Though C.S. Lewis’ reputation among most practicing Christians today is that of a saint, and though he was lauded as such in his own lifetime, the man, not surprisingly, has also accumulated a number of critics, some of them friendly and some of them brutal. In 1944, Charles Brady reported in the pages of [...]

C.S. Lewis’ “That Hideous Strength”

By |2019-12-23T10:44:48-06:00December 22nd, 2019|Categories: Books, Bradley J. Birzer, C.S. Lewis, Fiction, Imagination, Literature, Senior Contributors|

Though it would not see publication until August 1945, C.S. Lewis finished his greatest novel, That Hideous Strength, on Christmas Eve, 1943. In terms of depth, style, and audacity, That Hideous Strength is superior to its closest dystopian rivals, Brave New World and 1984. Its characters are far more realistic, and the setting—far from [...]

Gollum and the Spirit of Christmas

By |2019-12-09T17:50:09-06:00December 14th, 2019|Categories: Books, Christianity, Christmas, Imagination, J.R.R. Tolkien, Joseph Pearce, Literature, Senior Contributors|

When we think of writers associated with Christmas, Dickens would no doubt come to mind, as, perhaps, would Chesterton. It is unlikely, however, that the name of Tolkien would spring to mind. In Tolkien’s works, such as The Hobbit, The Lord of the Rings, and The Silmarillion, set in Middle-earth, there is no place [...]

G.K. Chesterton’s Radical Vision for Conservatives

By |2019-11-21T01:15:58-06:00November 20th, 2019|Categories: Christianity, Conservatism, G.K. Chesterton, Politics|

The recent National Conservatism conference is one of many examples that conservatism is going through a significant re-evaluation process. This process began in large part as a response to the Trump presidency, but it is also a response to alarming liberal trends: transgender issues, gay marriage, immigration, abortion, and many others. All these factors [...]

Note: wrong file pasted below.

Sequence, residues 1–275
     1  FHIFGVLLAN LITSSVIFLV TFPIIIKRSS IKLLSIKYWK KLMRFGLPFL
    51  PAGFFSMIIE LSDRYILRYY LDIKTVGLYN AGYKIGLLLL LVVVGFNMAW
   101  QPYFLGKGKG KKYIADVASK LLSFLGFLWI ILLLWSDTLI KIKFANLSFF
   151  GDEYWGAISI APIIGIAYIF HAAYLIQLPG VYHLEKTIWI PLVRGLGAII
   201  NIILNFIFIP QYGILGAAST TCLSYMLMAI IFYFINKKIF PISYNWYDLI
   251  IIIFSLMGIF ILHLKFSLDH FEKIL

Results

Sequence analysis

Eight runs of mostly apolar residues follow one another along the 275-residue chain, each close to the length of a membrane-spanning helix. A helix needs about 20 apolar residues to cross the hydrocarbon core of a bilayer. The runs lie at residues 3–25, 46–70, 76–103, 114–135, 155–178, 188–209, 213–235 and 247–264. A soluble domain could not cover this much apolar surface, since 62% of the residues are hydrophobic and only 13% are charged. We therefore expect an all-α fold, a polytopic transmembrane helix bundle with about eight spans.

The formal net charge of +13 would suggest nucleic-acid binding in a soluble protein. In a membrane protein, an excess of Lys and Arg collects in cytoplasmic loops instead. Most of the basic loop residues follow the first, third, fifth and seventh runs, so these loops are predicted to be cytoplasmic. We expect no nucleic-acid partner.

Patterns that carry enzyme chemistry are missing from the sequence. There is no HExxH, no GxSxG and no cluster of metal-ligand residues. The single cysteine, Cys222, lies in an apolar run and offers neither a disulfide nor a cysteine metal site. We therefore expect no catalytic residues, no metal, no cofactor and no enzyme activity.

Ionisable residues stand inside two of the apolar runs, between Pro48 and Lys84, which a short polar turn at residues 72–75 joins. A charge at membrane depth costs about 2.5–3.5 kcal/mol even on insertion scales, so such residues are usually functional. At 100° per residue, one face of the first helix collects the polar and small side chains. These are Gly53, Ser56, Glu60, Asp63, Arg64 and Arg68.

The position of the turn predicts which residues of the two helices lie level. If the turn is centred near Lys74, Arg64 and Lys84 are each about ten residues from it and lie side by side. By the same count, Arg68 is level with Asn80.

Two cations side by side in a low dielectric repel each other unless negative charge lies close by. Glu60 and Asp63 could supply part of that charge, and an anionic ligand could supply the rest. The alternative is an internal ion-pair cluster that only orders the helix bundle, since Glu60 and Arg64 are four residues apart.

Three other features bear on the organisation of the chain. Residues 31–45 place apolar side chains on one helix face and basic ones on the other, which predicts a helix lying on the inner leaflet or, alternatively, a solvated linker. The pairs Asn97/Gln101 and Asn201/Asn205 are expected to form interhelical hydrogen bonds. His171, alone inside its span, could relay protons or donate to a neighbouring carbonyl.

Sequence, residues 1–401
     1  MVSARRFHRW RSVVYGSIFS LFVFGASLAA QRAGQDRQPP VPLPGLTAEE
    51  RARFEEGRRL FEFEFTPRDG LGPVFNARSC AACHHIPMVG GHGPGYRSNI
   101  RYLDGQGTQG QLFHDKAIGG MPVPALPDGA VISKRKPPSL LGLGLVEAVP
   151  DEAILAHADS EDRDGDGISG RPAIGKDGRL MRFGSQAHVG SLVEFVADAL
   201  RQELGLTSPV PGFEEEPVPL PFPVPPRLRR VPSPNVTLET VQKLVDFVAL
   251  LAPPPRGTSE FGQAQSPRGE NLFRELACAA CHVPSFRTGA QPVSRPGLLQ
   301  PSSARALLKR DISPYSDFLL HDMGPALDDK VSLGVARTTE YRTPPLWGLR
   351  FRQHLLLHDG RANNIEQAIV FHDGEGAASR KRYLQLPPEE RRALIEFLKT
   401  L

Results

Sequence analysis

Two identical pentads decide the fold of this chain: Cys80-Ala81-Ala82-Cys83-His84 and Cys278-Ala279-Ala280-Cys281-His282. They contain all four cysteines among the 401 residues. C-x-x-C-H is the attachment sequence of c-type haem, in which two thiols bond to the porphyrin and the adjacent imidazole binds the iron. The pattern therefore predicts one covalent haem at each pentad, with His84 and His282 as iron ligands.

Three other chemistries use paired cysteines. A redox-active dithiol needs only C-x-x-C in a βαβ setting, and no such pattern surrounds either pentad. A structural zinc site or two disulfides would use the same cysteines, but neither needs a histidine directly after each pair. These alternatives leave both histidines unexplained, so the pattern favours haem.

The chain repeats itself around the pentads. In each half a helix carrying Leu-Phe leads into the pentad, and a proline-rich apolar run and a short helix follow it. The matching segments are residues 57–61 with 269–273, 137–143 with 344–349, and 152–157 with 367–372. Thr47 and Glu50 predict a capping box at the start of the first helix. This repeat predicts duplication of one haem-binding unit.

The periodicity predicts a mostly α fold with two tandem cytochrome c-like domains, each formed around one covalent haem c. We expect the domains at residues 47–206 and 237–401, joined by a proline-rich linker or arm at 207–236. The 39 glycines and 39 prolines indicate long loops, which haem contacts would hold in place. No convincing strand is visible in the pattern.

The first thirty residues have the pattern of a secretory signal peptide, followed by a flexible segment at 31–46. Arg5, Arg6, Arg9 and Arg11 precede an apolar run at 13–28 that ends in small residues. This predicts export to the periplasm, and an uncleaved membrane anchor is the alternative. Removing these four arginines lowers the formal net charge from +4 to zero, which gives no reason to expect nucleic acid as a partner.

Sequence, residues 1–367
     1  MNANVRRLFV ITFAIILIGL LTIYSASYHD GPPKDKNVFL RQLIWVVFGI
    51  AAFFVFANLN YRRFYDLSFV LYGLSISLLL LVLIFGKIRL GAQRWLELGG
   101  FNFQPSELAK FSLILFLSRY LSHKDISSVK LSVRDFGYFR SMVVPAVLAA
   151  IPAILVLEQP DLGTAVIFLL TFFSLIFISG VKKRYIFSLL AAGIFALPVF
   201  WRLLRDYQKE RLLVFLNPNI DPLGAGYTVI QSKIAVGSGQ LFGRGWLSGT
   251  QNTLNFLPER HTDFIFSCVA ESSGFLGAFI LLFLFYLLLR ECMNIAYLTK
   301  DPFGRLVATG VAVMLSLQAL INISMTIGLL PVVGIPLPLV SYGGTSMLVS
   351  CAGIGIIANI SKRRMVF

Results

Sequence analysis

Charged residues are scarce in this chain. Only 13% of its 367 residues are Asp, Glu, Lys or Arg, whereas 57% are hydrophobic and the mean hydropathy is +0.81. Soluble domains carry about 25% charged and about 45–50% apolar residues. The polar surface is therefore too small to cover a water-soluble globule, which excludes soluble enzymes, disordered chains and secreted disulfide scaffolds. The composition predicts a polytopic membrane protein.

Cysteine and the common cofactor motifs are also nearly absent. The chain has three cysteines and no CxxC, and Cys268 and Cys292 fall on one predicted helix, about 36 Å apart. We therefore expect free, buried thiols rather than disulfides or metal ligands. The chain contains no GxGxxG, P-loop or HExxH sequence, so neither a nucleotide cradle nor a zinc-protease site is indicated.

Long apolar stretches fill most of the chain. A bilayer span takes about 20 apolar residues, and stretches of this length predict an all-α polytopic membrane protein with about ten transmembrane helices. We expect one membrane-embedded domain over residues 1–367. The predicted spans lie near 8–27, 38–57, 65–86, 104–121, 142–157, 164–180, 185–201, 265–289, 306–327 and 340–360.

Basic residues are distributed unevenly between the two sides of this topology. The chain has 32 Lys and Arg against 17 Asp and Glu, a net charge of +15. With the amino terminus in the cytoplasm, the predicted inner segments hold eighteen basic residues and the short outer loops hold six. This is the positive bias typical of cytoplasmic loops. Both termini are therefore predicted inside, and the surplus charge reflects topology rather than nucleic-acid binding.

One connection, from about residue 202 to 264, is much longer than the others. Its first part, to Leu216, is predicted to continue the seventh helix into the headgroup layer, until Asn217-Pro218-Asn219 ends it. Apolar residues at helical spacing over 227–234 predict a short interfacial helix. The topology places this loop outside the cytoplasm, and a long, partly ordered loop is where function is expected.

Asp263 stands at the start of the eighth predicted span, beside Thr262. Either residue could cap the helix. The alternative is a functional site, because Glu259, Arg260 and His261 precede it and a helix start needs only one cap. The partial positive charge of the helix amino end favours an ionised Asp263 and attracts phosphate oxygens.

Tolkien & Anglo-Saxon England: Protectors of Christendom

By |2019-11-02T08:12:19-06:00November 10th, 2019|Categories: Bradley J. Birzer, Christendom, Christian Humanism, England, Essential, History, J.R.R. Tolkien, Myth, Senior Contributors, StAR, Timeless Essays|

J.R.R. Tolkien believed that the Anglo-Saxon world might offer us strength to redeem Christendom. The hero of “The Lord of the Rings,” after all, is an Anglo-Saxon farmer turned citizen-warrior. Today’s offering in our Timeless Essay series affords our readers the opportunity to join Bradley J. Birzer, as he discusses J.R.R. Tolkien’s christological interpretation [...]

J.R.R. Tolkien’s “Leaf by Niggle”

By |2019-11-05T21:50:56-06:00November 5th, 2019|Categories: Bradley J. Birzer, Fiction, Imagination, J.R.R. Tolkien, Literature, Senior Contributors, Tolkien Series|

J.R.R. Tolkien’s “Leaf by Niggle” must rank as one of the finest short stories of the twentieth century, breath-takingly beautiful, even by the highest Tolkienian standards. As with so many of his writings, “Leaf” takes seriously issues of goodness, free will, destiny, subcreation, and eternity. One very late night or early morning in 1939, [...]

“Perelandra”: Preventing the Fall

By |2019-11-03T07:22:07-06:00November 2nd, 2019|Categories: Bradley J. Birzer, C.S. Lewis, Fiction, Imagination, Literature, Senior Contributors|

It would be no exaggeration to claim that C.S. Lewis’s “Perelandra”—arguably the least read and least remembered part of his “Space Trilogy”—is nothing short of a masterpiece. In it, the author ably blends science fiction and theology, giving us a gripping thriller, steeped in thought, adventure, and myth. In the second of the three [...]